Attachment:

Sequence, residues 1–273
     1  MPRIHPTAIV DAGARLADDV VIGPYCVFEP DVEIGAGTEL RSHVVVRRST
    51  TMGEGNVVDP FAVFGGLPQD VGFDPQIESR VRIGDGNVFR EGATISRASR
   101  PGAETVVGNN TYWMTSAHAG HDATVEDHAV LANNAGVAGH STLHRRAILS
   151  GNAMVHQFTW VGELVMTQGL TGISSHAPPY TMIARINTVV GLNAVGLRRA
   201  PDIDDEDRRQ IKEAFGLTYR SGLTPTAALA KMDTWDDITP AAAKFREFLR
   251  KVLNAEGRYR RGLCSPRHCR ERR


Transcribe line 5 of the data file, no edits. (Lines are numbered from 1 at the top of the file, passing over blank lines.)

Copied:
   151  GNAMVHQFTW VGELVMTQGL TGISSHAPPY TMIARINTVV GLNAVGLRRA